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I have a small snippet of a file I'm working with:

ENSDARG00000032737    ENSDARP00000120731
ENSDARG00000032737    ENSDARP00000049290
ENSDARG00000061051    ENSDARP00000081062
ENSDARG00000061051     
ENSDARG00000061051    ENSDARP00000129708

I only want to print the first instance of each unique value in the first column and the corresponding value in the second column, so my desired output would be:

ENSDARG00000032737    ENSDARP00000120731
ENSDARG00000061051    ENSDARP00000081062

Is there a simple way to accomplish this with awk or uniq or something similar?

Any help would be appreciated.

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This idiomatic solution will work robustly using any awk in any shell on every UNIX box:

$ awk '!seen[$1]++' file
ENSDARG00000032737    ENSDARP00000120731
ENSDARG00000061051    ENSDARP00000081062
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    +1 Very concise and "idiomatic", as well as strictly equivalent to StevenPenny's answer (not at all meant as a criticism), but nevertheless a little abstruse at first sight for those who do not speak "awk" fluently. ;-)) – Cbhihe Apr 4 '20 at 18:08
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POSIX AWK:

m1[$1] == 0 {
   m1[$1] = 1
   print
}

For each line:

  1. see if first column exists in the "database"
  2. if not, add to "database" and print entire line
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$ sort -s -k1,1 -u file
ENSDARG00000032737    ENSDARP00000120731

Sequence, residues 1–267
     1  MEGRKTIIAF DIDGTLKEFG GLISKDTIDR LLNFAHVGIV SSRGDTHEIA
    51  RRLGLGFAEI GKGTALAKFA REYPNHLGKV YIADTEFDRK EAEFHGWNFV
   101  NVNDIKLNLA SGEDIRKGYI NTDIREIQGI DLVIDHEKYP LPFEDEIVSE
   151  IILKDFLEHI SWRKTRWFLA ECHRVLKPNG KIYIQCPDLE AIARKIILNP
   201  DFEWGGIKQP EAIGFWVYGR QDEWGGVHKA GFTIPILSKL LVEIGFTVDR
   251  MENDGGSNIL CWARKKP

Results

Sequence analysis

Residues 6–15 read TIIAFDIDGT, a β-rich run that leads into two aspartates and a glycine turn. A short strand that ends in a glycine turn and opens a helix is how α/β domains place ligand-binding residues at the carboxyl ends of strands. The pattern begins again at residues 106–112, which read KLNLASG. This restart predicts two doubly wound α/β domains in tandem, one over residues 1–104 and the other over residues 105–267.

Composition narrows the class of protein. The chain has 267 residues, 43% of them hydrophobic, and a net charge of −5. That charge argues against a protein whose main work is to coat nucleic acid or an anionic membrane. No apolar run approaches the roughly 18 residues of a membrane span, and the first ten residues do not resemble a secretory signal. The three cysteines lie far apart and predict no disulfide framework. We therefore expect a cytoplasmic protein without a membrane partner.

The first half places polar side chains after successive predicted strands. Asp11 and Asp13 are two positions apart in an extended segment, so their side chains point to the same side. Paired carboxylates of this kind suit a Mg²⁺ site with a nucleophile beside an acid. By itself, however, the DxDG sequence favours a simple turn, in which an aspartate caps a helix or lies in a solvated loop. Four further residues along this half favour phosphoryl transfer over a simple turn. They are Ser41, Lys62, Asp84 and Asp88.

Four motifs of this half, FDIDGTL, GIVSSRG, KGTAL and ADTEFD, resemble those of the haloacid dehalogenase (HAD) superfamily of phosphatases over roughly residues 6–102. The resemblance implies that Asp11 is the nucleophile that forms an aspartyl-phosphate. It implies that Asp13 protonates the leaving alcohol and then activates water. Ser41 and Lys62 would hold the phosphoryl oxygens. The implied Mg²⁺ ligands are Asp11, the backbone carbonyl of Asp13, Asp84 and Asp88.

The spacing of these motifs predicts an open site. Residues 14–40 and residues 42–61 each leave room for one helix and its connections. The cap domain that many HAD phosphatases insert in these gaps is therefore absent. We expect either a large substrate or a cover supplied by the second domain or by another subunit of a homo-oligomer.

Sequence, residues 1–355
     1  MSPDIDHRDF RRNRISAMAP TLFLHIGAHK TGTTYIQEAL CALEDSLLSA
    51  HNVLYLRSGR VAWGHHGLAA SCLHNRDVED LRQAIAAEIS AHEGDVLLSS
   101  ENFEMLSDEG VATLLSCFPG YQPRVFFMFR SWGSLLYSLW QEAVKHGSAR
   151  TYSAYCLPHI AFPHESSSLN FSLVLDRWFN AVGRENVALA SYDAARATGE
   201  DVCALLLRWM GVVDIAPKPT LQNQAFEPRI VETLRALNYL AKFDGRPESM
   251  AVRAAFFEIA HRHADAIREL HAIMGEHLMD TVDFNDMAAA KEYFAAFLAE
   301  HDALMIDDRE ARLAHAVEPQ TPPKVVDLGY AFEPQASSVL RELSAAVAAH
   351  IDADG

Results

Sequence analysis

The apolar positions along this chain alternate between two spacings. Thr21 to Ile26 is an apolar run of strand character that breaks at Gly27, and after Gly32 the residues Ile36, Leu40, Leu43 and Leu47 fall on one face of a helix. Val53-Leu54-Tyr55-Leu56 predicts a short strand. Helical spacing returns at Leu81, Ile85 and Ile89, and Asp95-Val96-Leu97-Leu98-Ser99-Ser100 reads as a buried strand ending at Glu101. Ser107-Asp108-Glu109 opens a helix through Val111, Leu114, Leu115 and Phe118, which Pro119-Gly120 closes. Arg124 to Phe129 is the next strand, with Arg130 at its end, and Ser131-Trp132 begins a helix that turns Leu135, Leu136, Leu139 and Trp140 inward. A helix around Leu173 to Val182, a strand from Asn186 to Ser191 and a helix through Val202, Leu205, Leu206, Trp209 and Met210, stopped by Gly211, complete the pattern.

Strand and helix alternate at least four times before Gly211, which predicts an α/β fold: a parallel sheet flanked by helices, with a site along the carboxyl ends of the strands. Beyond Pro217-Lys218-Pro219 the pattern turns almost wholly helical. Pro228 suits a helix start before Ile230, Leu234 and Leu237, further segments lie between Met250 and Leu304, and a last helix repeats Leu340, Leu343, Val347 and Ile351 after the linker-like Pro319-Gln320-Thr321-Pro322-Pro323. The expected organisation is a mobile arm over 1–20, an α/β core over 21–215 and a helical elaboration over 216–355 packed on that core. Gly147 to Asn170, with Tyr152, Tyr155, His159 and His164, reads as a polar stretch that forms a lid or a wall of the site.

ENSDARG00000061051    ENSDARP00000081062

This sorts the file based on the first column only. While doing so, it ignores lines whose first column has already been seen.

Most implementations of sort has a non-standard -s option (used in the command above) that guarantees that it will be using a "stable" sorting algorithm. A stable sorting algorithm does not change the ordering of entries that have identical keys (first column in your case).


Note however that the longer transcript (which both Ensembl and Havana agrees 100% on) for the ENSDARG00000032737 gene is ENSDART00000049291, which codes for ENSDARP00000049290, not ENSDARP00000120731. But that's not really my business.

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    Thanks! I appreciate the feedback on the bioinformatics too, but your solution should work just fine for my purposes. – gpreising Apr 3 '20 at 22:35
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Best solutions already provided just posting my try

for i in `awk '{if(!seen[$1]++)print $1}' filename`; do sed -n '/'$i'/{p;q}' filename; done

output

ENSDARG00000032737    ENSDARP00000120731
ENSDARG00000061051    ENSDARP00000081062

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